Inside out

Inside out - Blair seems more at home leading the war on terrorism or planning the invasion of Iraq than he does leading the attack on the new Scargillism.

by ANDREW NEIL, publisher of The Business and The Scotsman
Last Updated: 31 Aug 2010

Blair seems more at home leading the war on terrorism or planning the invasion of Iraq than he does leading the attack on the new Scargillism.

Bob Crow, who recently took over the Rail and Maritime Transport union (RMT), has a way with farewell presents. When an executive with whom he had regularly negotiated left London Underground last year, he went to Toys 'R' Us and bought her the biggest dinosaur he could find.

Just to make sure she got the message, he pinned two union badges on it.

Crow is one of a new breed of hard-left union leaders who don't mind being regarded as dinosaurs. Standing in a picket line outside the Tube, he borrows a chant from the supporters of Millwall, his favourite football team: 'Nobody likes us, we don't care.'

A growing number of militants are taking over Britain's unions: Andy Gilchrist of the Fire Brigades Union (FBU), which has excelled itself with a ludicrous demand for a 40% pay rise; Dave Rix, who heads the other main rail union, Aslef; and Derek Simpson, who defeated the Blairite Sir Ken Jackson to take over Amicus, the UK's second-largest union.

The hard left is also in charge of the postal and telecoms union, a major civil servant union, the journalists' union and university lecturers.

Crow, Gilchrist and their like are a throwback to the pre-Thatcher era, when union dinosaurs roamed the land and strikes were 10 a penny. They have as much regard for Tony Blair and New Labour as they had for Margaret Thatcher's Tory governments - that is, none.

I had experience of pre-Thatcher unions when the Sunday Times and sister papers fought a 13-month battle against the print unions for the right to operate a new printing plant in Wapping. We'd invested more than pounds 60 million and negotiated with the unions for years - but they refused to go. At one stage a union leader threw a box of matches at me and said: 'You might as well burn Wapping down; we will never go there.'

Like these militants before them, today's new breed of union leaders prefer to strike first, negotiate later. Crow closed the Tube four times over the summer, till London mayor Ken Livingstone caved in. Last month the FBU began a national strike in pursuit of its 40%. Other left-wing leaders are preparing to flex their industrial muscle.

The conventional wisdom is that this does not represent a return to the infamous Winter of Discontent of 1978-79, which brought down the Callaghan government and consigned Labour to the wilderness for 18 years. Maybe so, in that we are unlikely to see mass picketing, power blackouts, uncollected rubbish in the streets, three-day work weeks and the dead lying unburied.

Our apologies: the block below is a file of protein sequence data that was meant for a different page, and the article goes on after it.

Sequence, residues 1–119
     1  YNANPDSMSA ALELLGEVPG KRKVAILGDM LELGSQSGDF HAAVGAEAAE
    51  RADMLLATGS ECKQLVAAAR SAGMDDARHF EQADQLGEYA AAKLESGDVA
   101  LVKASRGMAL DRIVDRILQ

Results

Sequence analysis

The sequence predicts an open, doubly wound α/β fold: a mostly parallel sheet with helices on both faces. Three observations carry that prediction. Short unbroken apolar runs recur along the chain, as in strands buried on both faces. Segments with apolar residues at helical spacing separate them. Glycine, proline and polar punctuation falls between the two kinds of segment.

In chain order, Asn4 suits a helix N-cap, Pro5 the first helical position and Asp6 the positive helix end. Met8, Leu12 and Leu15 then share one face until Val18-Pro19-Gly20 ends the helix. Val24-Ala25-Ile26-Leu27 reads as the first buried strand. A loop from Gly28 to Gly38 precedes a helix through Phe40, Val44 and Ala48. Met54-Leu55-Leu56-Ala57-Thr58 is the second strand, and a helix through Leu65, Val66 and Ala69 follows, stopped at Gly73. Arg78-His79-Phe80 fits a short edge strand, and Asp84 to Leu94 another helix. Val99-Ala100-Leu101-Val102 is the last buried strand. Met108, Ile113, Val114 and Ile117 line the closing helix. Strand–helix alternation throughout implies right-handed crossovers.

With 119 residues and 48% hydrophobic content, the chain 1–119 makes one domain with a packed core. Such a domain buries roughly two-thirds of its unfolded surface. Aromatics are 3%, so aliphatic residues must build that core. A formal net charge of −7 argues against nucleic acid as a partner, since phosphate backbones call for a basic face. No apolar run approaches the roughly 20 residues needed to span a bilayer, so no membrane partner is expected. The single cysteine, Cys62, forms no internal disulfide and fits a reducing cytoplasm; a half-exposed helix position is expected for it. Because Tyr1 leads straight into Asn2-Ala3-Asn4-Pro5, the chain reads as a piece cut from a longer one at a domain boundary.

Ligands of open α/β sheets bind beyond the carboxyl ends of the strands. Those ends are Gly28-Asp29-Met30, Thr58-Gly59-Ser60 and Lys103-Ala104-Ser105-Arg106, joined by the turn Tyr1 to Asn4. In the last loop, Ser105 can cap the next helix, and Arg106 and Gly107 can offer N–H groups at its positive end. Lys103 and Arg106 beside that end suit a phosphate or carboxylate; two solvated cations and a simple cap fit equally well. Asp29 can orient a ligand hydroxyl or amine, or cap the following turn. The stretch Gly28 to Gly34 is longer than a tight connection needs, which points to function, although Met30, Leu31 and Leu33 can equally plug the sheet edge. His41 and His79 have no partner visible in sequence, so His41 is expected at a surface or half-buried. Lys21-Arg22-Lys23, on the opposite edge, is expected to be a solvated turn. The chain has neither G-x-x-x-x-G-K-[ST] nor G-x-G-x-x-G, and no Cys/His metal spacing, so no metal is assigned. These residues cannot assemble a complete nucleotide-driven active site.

But we are becoming more strike-prone - days lost in strikes this year are five times higher than last year - and the swing to the hard left in the labour movement is as much political as it is industrial.

The far left has all but given up on the Labour party, regarding it as an irredeemable convert to capitalism in its New Labour guise. It still harbours hopes of moving the party left once Blair goes, but for now it is concentrating its manpower and resources on infiltrating the upper reaches of the unions.

The militancy is largly a public-sector phenomenon. Now that Gordon Brown has opened the public spending floodgates, public-sector workers think it's their turn for big pay rises and better conditions. This makes them prone to follow militant leaders.

Blair's push for public-sector reform threatens their cosy work arrangements and low productivity. So the militants are galvanising workers against using private-sector firms and cash in the London Underground, NHS, schools and other public services.

They are also demanding the renationalisation of the railways, air-traffic control and the utilities. Blair won't bow to that, but he needs radical reform of the public sector if he is to deliver on his promise of better schools and hospitals. Yet at the Labour party conference, the left won a vote against the policy of using private money to finance public services.

A strong government could see the militants off, and this is a strong government. But it does not do industrial disputes well: when it has confronted the unions, it's been hesitant. That's because, bar John Prescott, New Labour lacks people who know much about strikes or unions. The bad old days were long gone before its leading lights came to political maturity.

Blair seems more at home leading the war on terrorism or planning the invasion of Iraq than he does leading the charge against what Thatcher once called 'the enemy within'. He struggles to find the appropriate no-surrender rhetoric. He recently railed against the 'return of Scargillism' in the unions, a reference to Arthur Scargill, the Marxist leader of the coalminers who was defeated by Thatcher.

A Scargillite threat requires a Thatcherite response, and of that there is no sign from the Government. It is going through the motions of talking tough against the militants, but its heart does not seem to be in it.

It must be, before the new militants become too strong and a return to the Winter of Discontent becomes reality.

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